"Our pro-liberty caucus is growing every year."
Congressman Justin Amash
(Reason.com) - Is the libertarian message winning? Coasting toward a major electoral victory next week, freedom-friendly Congressman Justin Amash certainly thinks so—even if Washington, D.C. isn't listening yet.
The libertarian Republican, who hails from a right-leaning district in western Michigan, is widely expected to win reelection on November 4. He already passed the real test: a significant primary challenge from a well-funded opponent backed by neoconservative and corporatist critics of Amash's views. The challenger, Brian Ellis, stooped as low as he could go, releasing an ad that accused Amash of being "al-Qaida's best friend in Congress" due to the representative's opposition to NSA spying and unauthorized wars.
The ad backfired. District voters preferred Amash's brand of skeptical anti-government conservatism to Ellis's Bush-era demagoguery.
"It felt great to get a big win," Amash told Reason in an interview. "The people of the district came out and said they like what I am offering, which is independent conservative representation, libertarian representation… My challenger was offering run of the mill, establishment big government Republicanism. People are tired of that."
Amash is optimistic that what's true for his district is true for the country at large. A growing cross-partisan swath of the electorate is concerned about issues near and dear to the hearts of libertarians, including police brutality, spying, and drone warfare.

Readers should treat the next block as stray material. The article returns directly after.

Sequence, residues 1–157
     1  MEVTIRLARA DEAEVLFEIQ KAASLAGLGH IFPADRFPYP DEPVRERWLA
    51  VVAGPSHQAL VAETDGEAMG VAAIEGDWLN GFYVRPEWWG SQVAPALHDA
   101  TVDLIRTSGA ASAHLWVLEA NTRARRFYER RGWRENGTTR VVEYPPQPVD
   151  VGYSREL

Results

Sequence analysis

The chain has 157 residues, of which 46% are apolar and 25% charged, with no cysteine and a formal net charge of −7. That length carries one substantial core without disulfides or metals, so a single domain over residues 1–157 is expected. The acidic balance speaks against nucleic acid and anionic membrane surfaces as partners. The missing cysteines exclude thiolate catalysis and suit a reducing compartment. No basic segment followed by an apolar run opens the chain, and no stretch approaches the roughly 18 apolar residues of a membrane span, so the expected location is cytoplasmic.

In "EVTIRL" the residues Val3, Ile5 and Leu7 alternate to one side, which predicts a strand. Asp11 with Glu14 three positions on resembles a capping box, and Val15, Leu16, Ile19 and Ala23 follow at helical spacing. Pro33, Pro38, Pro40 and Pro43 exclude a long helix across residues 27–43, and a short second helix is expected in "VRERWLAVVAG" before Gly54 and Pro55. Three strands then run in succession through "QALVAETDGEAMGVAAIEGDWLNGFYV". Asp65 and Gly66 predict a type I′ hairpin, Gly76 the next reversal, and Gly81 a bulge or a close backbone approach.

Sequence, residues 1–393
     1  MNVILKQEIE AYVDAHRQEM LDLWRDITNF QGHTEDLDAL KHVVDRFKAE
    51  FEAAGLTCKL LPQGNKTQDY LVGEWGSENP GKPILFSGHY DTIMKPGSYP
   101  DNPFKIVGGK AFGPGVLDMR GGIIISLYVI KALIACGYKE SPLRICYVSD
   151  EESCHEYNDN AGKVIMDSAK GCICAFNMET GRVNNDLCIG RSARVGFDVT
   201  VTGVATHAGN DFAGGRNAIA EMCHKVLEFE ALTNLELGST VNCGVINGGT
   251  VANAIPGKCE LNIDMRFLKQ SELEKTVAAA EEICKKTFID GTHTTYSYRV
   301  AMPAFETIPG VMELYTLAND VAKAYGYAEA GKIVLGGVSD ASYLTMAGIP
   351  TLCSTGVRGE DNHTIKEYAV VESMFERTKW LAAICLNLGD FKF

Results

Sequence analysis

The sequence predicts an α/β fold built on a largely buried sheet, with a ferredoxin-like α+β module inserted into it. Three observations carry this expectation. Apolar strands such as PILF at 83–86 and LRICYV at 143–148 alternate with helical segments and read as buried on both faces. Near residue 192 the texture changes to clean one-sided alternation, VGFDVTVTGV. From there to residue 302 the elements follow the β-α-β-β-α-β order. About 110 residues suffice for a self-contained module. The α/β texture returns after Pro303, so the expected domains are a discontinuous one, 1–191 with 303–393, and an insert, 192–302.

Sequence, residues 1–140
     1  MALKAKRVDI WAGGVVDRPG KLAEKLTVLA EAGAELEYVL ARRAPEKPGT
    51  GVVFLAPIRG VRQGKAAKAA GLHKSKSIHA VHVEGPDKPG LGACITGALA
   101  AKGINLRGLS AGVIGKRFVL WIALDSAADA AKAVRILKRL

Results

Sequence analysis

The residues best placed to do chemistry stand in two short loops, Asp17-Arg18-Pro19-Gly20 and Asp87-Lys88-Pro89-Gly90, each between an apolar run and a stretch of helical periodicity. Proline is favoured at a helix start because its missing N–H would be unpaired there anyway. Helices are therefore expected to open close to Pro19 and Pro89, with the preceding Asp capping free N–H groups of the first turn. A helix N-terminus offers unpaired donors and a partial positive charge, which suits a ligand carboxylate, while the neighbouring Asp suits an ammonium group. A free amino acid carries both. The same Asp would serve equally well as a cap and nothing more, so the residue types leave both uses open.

But that doesn't mean Congress is getting on board. Leadership, in particular, remains as hopeless as ever, according to Amash.
"Congress is delayed by five or 10 years," said Amash. "But I'm hopeful some of that will start to change. The public is more libertarian, the public is saying we want people who are going to be independent and not bow to leadership in either of the major parties."
First elected to Congress during the Tea Party wave of 2010, Amash says subsequent elections brought more representatives who are sympathetic to the views of an increasingly libertarian electorate into the fold.
"Our pro-liberty caucus is growing every year," he said.
He credits Sen. Rand Paul for breaking ground as a libertarian-aligned U.S. senator and continuing to draw attention to the cause via his widely-expected presidential run.
"There's no doubt that Rand Paul has a more libertarian perspective than senators from years past and there's no doubt that it's broadly appealing to the public," said Amash. "You're seeing widespread support for Rand Paul and a lot of other presidential candidates or prospective presidential candidates are going to adopt many of his positions with the hopes of expanding their base."
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